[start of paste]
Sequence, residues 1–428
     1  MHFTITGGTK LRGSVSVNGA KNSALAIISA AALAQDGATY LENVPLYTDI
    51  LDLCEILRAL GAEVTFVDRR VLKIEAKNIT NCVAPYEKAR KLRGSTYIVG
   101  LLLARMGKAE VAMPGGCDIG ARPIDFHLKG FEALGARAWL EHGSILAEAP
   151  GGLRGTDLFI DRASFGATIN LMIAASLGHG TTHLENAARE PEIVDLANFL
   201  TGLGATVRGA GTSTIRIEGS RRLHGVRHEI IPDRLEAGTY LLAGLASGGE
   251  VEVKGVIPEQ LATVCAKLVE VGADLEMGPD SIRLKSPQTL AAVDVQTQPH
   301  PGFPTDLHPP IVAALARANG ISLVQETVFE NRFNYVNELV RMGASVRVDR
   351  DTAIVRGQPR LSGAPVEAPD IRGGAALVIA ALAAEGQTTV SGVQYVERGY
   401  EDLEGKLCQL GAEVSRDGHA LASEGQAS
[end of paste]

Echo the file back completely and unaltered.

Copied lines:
Sequence, residues 1–428
     1  MHFTITGGTK LRGSVSVNGA KNSALAIISA AALAQDGATY LENVPLYTDI
    51  LDLCEILRAL GAEVTFVDRR VLKIEAKNIT NCVAPYEKAR KLRGSTYIVG
   101  LLLARMGKAE VAMPGGCDIG ARPIDFHLKG FEALGARAWL EHGSILAEAP
   151  GGLRGTDLFI DRASFGATIN LMIAASLGHG TTHLENAARE PEIVDLANFL
   201  TGLGATVRGA GTSTIRIEGS RRLHGVRHEI IPDRLEAGTY LLAGLASGGE
   251  VEVKGVIPEQ LATVCAKLVE VGADLEMGPD SIRLKSPQTL AAVDVQTQPH
   301  PGFPTDLHPP IVAALARANG ISLVQETVFE NRFNYVNELV RMGASVRVDR
   351  DTAIVRGQPR LSGAPVEAPD IRGGAALVIA ALAAEGQTTV SGVQYVERGY
   401  EDLEGKLCQL GAEVSRDGHA LASEGQAS